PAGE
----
In the animal world, there are many questions that hammer our heads and one of them is: why do roosters always sing in the morning?
So many hours for them to sing, what makes them always choose the same time? Anyone who has had the opportunity to witness in person knows that it works like a clock.
Is there a scientific explanation for this or is it just another unanswered question? Only in 2013 have scientists been able to come up with some solutions, but they are definitely not the last word. There is still a lot to research, but some things can already be solved.
Scientists at Nagoya University, led by Professor Takashi Yoshimura, have experimented with roosters to get answers to these questions. They caught several animals and left them exposed to various environments for several weeks. The animals reacted so that they could come to some conclusions.
The team tried to trick the birds by randomly placing them in bright light, loud sound, dark environments and many others, and may say that the birds have an internal clock that responds to various external stimuli. Thus, there is not only one reason why roosters sing, but several of them.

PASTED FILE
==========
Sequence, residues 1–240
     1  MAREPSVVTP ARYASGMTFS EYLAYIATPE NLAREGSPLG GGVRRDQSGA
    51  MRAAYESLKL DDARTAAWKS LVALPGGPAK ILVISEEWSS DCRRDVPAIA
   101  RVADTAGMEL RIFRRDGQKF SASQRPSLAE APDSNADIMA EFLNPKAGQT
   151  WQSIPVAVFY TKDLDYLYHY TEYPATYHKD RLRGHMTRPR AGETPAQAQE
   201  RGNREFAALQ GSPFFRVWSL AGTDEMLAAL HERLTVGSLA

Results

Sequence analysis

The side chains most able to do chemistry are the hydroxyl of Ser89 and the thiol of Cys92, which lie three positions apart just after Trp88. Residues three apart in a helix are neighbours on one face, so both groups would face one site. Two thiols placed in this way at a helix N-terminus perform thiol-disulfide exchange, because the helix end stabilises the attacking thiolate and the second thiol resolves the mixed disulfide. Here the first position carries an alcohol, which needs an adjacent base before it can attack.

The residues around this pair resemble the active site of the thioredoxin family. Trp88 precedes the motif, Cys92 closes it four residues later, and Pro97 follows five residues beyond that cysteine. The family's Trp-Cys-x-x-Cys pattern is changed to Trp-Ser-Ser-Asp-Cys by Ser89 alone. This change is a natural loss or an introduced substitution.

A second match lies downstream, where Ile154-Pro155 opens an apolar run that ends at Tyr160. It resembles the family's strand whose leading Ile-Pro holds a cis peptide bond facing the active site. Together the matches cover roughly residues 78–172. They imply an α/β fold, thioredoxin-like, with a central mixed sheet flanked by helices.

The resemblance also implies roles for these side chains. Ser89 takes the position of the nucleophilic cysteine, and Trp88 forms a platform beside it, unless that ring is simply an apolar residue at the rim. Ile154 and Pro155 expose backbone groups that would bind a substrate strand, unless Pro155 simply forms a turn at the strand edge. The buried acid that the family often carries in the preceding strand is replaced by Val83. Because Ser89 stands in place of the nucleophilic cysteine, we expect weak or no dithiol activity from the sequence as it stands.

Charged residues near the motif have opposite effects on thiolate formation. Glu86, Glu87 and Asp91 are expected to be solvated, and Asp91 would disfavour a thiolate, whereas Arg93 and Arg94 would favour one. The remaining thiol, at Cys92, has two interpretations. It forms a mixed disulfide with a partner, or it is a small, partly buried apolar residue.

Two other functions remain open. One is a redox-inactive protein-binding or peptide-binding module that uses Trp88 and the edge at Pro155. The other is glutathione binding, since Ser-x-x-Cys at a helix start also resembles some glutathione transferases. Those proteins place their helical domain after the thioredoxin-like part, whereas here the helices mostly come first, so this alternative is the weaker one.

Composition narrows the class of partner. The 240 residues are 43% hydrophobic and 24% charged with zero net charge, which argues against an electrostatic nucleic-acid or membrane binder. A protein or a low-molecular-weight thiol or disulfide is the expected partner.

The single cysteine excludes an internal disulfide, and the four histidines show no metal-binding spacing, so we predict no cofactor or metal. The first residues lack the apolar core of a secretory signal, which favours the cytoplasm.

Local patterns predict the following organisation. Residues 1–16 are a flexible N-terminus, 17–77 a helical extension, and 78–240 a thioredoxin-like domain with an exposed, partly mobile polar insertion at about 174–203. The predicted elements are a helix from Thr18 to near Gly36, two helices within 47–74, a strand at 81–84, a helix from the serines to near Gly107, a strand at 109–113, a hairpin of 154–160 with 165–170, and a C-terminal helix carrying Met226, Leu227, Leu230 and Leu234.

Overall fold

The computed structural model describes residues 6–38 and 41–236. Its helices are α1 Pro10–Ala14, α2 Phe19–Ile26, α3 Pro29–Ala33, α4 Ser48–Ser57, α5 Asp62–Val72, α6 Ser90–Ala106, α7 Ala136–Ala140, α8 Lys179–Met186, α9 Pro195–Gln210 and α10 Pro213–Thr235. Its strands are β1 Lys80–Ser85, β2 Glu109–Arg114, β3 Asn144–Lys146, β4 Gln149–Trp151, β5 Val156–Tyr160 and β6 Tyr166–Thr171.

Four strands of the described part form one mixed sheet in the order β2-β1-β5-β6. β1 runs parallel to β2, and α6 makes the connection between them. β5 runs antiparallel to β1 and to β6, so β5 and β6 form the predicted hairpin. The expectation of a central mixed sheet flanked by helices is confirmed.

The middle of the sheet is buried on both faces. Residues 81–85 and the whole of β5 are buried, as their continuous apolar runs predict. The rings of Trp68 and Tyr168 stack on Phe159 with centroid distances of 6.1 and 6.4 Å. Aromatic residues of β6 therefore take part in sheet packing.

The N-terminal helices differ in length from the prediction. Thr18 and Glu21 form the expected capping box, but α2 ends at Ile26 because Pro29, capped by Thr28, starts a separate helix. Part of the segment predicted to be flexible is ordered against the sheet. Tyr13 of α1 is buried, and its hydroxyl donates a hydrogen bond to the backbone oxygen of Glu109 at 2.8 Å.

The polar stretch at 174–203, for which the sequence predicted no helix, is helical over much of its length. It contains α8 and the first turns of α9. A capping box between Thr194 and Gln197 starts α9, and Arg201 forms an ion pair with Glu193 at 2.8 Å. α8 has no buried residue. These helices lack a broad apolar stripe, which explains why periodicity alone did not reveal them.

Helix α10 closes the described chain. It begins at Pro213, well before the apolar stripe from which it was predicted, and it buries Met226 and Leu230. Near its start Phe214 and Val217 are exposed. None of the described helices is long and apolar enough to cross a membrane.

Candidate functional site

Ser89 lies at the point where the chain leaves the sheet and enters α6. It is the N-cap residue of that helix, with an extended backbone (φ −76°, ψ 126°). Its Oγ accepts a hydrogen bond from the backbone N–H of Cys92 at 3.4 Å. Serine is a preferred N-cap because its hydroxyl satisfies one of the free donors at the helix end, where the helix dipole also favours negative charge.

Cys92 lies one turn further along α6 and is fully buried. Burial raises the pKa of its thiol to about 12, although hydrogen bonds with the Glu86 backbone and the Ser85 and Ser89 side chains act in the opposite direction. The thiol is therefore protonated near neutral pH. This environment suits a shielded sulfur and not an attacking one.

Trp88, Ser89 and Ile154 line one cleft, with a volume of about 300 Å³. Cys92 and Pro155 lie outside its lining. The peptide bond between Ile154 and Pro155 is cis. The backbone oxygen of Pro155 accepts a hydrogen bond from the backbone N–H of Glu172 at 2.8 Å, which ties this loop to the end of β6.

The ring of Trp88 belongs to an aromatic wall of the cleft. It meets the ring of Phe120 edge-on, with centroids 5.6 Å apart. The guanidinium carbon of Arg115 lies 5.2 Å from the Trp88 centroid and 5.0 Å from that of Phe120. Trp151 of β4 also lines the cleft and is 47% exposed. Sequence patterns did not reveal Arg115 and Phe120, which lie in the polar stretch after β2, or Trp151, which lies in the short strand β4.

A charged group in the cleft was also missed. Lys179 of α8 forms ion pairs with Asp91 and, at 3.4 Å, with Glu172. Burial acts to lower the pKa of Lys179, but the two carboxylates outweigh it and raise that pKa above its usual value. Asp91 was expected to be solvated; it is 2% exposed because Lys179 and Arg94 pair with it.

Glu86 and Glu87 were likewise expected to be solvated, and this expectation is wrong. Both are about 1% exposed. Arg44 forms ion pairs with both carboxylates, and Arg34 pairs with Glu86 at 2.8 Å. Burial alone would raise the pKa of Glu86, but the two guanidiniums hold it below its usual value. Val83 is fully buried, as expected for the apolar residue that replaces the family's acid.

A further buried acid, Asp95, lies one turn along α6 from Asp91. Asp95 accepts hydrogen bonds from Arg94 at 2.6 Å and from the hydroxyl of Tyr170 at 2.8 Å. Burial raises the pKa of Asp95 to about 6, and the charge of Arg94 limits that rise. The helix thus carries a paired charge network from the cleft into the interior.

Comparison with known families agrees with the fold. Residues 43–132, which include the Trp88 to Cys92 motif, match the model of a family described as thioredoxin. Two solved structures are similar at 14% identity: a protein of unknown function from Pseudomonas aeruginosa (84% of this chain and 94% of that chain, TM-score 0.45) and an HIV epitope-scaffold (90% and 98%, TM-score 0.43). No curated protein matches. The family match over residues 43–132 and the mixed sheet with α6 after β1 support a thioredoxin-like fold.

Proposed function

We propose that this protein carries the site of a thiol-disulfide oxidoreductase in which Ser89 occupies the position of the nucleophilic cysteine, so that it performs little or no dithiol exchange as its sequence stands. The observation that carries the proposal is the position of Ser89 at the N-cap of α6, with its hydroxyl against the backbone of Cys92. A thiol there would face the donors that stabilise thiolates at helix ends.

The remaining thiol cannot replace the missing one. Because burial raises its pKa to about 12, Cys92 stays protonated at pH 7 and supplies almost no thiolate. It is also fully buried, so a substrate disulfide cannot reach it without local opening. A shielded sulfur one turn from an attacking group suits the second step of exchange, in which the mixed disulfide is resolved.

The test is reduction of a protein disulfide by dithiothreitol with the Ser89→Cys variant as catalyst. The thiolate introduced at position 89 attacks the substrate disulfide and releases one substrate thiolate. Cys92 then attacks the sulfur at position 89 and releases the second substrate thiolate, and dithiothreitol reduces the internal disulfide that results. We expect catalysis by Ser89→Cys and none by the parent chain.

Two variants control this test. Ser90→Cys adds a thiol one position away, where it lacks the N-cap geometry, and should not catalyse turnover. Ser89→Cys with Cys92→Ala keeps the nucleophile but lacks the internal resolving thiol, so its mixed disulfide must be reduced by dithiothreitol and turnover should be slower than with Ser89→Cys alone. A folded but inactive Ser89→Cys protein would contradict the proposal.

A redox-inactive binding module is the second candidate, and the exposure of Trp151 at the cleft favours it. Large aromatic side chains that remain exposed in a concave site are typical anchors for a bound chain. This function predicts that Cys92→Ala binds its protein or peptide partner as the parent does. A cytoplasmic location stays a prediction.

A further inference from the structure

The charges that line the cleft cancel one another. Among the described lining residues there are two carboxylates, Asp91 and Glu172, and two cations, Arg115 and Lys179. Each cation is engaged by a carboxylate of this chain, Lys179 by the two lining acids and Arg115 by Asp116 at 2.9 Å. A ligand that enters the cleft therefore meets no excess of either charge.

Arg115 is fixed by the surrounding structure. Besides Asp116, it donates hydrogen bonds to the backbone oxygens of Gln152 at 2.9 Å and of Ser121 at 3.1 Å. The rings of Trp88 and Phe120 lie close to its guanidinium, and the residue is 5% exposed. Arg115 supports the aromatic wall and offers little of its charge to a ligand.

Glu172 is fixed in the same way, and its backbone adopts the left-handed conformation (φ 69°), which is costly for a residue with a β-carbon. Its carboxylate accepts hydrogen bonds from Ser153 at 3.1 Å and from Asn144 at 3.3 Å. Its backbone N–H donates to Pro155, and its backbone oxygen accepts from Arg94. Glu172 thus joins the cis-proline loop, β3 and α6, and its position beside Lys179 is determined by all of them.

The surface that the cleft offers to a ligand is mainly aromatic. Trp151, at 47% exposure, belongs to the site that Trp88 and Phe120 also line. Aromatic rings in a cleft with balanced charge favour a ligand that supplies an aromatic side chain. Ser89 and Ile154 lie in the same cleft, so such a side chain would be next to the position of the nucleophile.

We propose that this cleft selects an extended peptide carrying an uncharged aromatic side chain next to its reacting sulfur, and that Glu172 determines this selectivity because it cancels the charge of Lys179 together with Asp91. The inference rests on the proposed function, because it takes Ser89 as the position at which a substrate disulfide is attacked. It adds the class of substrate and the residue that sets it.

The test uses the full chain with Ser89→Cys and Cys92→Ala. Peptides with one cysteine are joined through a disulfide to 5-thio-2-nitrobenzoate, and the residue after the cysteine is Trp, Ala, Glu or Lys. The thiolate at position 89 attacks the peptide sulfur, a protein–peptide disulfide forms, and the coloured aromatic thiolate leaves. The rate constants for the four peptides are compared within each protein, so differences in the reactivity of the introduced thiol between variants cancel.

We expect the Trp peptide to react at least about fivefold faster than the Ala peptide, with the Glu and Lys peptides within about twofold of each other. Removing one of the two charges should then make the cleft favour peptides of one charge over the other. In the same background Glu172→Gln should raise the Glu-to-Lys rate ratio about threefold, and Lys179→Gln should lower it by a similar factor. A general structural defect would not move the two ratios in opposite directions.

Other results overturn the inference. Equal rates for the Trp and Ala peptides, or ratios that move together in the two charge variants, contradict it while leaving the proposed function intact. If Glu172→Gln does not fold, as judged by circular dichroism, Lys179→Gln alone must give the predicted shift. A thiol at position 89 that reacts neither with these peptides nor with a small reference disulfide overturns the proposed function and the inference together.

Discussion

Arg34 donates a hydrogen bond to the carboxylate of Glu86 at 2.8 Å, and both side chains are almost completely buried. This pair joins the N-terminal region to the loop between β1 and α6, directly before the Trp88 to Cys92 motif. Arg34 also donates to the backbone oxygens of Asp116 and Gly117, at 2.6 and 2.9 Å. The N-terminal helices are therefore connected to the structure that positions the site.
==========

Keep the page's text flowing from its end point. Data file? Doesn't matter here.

Although roosters sing religiously every morning, this is not the only time they let out their voices. You can witness them singing at any time of the day. The researchers concluded that rooster crowing has several functions and, as has been said, they react to external stimuli.
The loud noises and changes in light levels are all perceived by the rooster as a threat and he never mind: he sings to show who is in charge. In this case, the function is to shout louder at the enemy. And this does not happen only in the early hours of the day, but at any time when the animal thinks it is in danger.
Some people believe this is the real reason why they sing late in the morning, as it is at this time that the dark begins to end. But the fact that the rooster crows two hours before sunlight still puzzles scientists, who eventually considered another situation after their research.
According to the study, the rooster crowing before dawn serves to show other birds who is dominating that territory, marking their impressions. Since, during the research, several animals were together all the time, they started singing almost always at the same time, all wanting to take the lead.
"Our preliminary data suggest that the best-rated rooster has priority in morning singing and the smallest is patient enough to wait and follow it every day," says Yoshimura. That is, for scientists, lighting has nothing to do with the birds' preference for the late dawn and there is indeed a hierarchy between them.
That is, the real reason why roosters sing in the morning is not yet fully understood. Mark territory or react to stimuli? Even after thousands of years, the question has not been definitively answered. When we refer to the animal world, there is always a doubt that cannot be solved.